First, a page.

Viewing posts tagged AI-ETD

Creating efficient and effective peptide fragmentation in tandem MS (MS/MS)

Photoactivation and photodissociation have long proven to be useful tools in tandem mass spectrometry, but implementation often involves cumbersome and potentially dangerous configurations. To remedy this problem, a fiber-optic cable was coupled to an infrared (IR) laser on a mass spectrometer. These advances allow for a more robust, straightforward, and safe instrumentation platform, permitting implementation of AI-ETD and IRMPD on commercial mass spectrometers and broadening the accessibility of these techniques.

This research is described in a recent Analytical Chemistry publication by Trent Peters-Clarke titled Optical Fiber-Enabled Photoactivation of Peptides and Proteins.

Training opportunity leads to publication

In early 2020, a group of researchers from the University of Copenhagen spent a week at NCQBCS facilities to learning more about Activated Ion Electron Transfer Dissociation (AI-ETD) and how to apply it to their research. That training has led to a publication in Cell Reports titled Mapping physiological ADP-ribosylation using Activated Ion Electron Transfer Dissociation (AI-ETD). This work describes the use of AI-ETD for mass spec-based proteomics analysis of ADPr, which is known to play a pivotal role in a wide range of cellular processes.

For more information on training opportunities offered by NCQBCS visit the training section of our website.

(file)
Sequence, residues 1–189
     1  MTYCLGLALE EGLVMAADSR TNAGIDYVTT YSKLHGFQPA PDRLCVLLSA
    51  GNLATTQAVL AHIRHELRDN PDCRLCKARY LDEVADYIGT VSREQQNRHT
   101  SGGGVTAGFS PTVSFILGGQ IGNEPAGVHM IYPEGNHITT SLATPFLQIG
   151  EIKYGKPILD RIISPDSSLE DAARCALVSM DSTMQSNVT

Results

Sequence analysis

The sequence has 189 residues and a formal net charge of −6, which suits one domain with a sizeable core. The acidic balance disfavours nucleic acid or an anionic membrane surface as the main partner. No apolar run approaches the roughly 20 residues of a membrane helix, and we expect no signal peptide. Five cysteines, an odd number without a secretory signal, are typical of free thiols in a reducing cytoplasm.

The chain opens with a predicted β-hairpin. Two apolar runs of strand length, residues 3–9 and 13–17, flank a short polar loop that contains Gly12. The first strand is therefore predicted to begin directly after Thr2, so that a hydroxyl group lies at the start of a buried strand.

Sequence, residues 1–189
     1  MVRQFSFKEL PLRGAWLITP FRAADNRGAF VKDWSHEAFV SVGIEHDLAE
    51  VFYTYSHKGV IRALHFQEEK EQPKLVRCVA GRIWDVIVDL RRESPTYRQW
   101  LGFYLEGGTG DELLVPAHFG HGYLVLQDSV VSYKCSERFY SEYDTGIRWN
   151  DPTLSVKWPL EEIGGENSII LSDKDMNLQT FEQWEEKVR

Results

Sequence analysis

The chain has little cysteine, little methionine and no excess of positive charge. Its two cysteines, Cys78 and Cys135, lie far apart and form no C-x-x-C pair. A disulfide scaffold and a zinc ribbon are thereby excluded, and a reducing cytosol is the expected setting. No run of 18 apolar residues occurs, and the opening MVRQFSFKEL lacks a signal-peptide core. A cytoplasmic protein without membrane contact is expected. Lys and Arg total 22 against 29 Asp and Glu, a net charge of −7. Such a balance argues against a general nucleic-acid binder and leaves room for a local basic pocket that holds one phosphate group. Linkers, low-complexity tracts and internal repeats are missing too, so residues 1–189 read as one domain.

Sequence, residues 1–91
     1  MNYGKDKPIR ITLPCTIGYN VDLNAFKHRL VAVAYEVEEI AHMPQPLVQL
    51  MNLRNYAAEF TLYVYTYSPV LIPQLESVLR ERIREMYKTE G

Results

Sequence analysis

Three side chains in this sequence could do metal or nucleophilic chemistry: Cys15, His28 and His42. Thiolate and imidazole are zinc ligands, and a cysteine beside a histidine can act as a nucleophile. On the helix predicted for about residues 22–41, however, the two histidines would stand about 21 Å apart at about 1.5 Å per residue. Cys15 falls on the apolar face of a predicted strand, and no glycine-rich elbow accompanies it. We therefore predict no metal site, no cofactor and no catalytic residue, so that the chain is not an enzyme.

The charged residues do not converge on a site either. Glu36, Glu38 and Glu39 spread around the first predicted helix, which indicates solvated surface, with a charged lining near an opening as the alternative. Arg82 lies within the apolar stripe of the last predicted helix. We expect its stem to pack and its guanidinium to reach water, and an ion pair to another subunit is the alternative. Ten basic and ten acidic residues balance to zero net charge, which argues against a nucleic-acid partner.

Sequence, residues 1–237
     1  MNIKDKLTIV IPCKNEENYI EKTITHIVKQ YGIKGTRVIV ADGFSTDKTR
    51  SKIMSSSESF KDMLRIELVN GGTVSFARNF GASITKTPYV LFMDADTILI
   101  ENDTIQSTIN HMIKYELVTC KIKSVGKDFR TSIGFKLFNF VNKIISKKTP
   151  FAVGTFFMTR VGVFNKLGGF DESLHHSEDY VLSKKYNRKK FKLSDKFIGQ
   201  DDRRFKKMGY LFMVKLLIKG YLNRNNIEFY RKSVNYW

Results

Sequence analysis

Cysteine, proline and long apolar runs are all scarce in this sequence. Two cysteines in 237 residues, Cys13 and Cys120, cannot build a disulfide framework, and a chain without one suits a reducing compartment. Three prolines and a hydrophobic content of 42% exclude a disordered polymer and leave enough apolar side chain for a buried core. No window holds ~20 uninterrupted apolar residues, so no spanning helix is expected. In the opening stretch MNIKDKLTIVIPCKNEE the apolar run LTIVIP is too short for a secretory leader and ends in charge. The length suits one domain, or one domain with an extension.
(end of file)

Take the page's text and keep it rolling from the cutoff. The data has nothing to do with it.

Recent research shows activated ion electron transfer dissociation has better performance for proteoform fragmentation

Elijah McCool, a graduate student in Lab of Dr. Liangliang Sun at Michigan State University, recently published on a collaboration with NCBBCS, Capillary Zone Electrophoresis-Tandem Mass Spectrometry with Activated Ion Electron Transfer Dissociation for Large-scale Top-down Proteomics. in the Journal of The American Society for Mass Spectrometry.

Capillary zone electrophoresis-tandem mass spectrometry is recognized as an efficient approach for top-down proteomics because of its high-capacity separation and highly sensitive detection of proteoforms. However, the commonly used collision-based methods often don’t provide the extensive fragmentation needed for thorough characterization of proteoforms. Activated ion electron transfer dissociation (AI-ETD), which combines infrared photoactivation with ETD, has shown better performance for proteoform fragmentation than other methods.